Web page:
Portugal e o Futuro
Adelino da Palma CarlosVasco Goncalves
Antonio de Oliveira Salazar
Gabriela Ribeiro Spinola, Maria Emilia Ribeiro Spinola, Francisco Ribeiro Spinola
Antonio Sebastiao Spinola, Maria Gabriela Alves Ribeiro
Francisco da Costa Gomes, Marcelo Caetano, Otelo Saraiva de Carvalho, Salgueiro Maia, Antonio de Oliveira Salazar
13 August 1996 (aged 86) Lisbon, Portugal
11 April 1910 (age 86), Estremoz, Portugal
Ant nio de sp nola
António Sebastião Ribeiro de Spínola (generally referred to as António de Spínola, [ɐ̃ ˈtɔniu dɨ ˈspinulɐ]; 11 April 1910 – 13 August 1996) was a Portuguese military officer, author and conservative politician who played an important role in Portugal's transition to democracy following the Carnation Revolution.
- Ant nio de sp nola
- Homenagem ao marechal ant nio de sp nola
- Early life
- Carnation Revolution
- Exile and death
- Published works
Homenagem ao marechal ant nio de sp nola
Spínola entered the Colégio Militar in 1920, beginning what would be a very successful military career. By 1928, Spínola was at Portugal's Military Academy, where he stood out as a young and promising cavalry officer.
In Anjos, Lisbon, by August 1932, he married Maria Helena Martin Monteiro de Barros (January 14, 1913 – May 23, 2002), daughter of João de Azevedo Monteiro de Barros and his German wife Gertrud Elisabete Martin.
In 1939, he became adjunct-de-camp of the Guarda Nacional Republicana (Republican National Guard). In 1941 he travelled to the German-Russian Front, as an observer, to monitor Wehrmacht movements during the encirclement of Leningrad (the Portuguese volunteers had been incorporated into the Blue Division).
In 1961, guided by António de Oliveira Salazar, he offered himself for voluntary service in Portuguese colonies of West Africa. Between 1961 and 1963, he held the command of the 345th Cavalry Battalion in Portuguese Angola, distinguishing himself and his unit. At the end of his tenure, he was appointed for, and served as, the Governor and Commander-in-Chief of the Armed Forces of the Portuguese Guinea from 1968, and again in 1972, during the period of the Overseas War, where his administration favoured a policy of respect for ethnic Guineans and the traditional authorities. At the same time, he continued to practice a range of initiatives in the War, from clandestine meetings (he met secretly with the President of Senegal, Léopold Sédar Senghor, at one point) to armed incursions to neighbouring states (such as Operation Green Sea, which saw the assault by Portuguese Army Commandos into Conakry, Guinea).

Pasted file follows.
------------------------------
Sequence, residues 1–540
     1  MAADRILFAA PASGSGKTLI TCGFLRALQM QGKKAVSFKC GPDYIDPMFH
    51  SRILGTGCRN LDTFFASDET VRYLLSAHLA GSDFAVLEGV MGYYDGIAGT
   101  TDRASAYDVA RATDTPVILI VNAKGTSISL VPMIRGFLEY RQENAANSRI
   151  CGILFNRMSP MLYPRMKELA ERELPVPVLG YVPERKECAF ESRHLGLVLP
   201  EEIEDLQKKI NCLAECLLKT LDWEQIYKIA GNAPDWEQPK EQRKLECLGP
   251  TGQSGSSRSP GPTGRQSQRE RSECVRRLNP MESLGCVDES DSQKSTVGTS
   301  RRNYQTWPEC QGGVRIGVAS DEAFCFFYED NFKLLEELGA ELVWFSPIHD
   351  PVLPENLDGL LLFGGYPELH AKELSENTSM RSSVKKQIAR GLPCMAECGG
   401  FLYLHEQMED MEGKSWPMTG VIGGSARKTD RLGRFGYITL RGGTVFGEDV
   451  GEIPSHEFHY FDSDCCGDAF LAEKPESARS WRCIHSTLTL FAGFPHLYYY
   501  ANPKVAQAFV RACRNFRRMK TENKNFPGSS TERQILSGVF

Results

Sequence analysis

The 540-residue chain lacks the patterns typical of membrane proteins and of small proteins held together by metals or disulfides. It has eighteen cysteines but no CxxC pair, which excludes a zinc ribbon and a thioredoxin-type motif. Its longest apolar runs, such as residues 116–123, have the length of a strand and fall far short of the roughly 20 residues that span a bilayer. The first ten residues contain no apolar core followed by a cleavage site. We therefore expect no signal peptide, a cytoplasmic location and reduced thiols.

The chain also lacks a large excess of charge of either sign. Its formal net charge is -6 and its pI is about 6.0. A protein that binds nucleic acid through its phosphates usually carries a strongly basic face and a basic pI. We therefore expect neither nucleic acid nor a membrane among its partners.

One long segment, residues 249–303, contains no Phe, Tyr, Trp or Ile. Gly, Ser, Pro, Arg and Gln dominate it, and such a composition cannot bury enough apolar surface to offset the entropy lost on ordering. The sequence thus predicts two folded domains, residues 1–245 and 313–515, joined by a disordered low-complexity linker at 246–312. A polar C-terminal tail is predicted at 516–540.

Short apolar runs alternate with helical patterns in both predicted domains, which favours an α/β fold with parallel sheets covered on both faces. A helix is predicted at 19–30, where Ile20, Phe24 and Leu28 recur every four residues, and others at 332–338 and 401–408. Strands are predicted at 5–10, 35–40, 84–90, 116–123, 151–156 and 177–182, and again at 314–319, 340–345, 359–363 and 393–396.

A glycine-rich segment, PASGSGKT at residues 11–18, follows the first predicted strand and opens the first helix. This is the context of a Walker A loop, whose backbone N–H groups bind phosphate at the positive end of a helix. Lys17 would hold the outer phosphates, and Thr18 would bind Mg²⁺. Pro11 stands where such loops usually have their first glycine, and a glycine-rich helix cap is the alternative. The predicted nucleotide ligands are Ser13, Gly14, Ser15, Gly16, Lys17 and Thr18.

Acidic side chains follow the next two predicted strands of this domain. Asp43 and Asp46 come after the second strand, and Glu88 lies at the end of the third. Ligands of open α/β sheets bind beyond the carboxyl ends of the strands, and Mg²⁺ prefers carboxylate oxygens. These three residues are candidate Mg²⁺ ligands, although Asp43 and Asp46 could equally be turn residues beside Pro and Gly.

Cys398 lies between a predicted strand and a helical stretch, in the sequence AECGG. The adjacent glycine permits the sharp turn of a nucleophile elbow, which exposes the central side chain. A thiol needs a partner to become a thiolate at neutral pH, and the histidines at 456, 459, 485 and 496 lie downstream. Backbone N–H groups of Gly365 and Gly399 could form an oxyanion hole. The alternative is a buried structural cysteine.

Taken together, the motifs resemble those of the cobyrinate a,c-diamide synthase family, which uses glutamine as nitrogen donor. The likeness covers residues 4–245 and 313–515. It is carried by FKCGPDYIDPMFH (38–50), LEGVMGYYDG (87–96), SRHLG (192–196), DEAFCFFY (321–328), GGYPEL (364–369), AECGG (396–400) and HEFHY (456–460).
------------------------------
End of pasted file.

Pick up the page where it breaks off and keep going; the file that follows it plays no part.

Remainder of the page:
In November 1973, he returned to Lisbon, on the invitation of Salazar's successor, Marcello Caetano, to head the Overseas portfolio: which he refused, due to the government's intransigence on the Portuguese colonies. A month later, on January 17, 1974, he was asked to be the Vice-Chief of the Defence Council of the Armed Forces, on the advice of Francisco da Costa Gomes, a post that he would be removed from in March. Shortly later, he would publish Portugal e o Futuro (Portugal and the Future), where he expressed the idea that the only solution to the Colonial Wars was the discontinuation of the conflict.
On April 25, 1974, as a representative in the MFA – Movimento das Forças Armadas (Movement of the Armed Forces) he received from the President of the Council of Ministers, Marcello Caetano, the rendition of the Government (which was in refuge in the Carmo Barracks). Although General Spínola did not play an important role, Marcelo Caetano insisted he would only surrender power to Spínola. This, ironically, allowed Spínola to assume an important public place as a leader of the revolution, although that was not what the MFA originally intended. The formation of the Junta de Salvação Nacional (National Salvation Junta), formed in the days following the Carnation Revolution, allowed Spínola to take on the role of President of the Republic.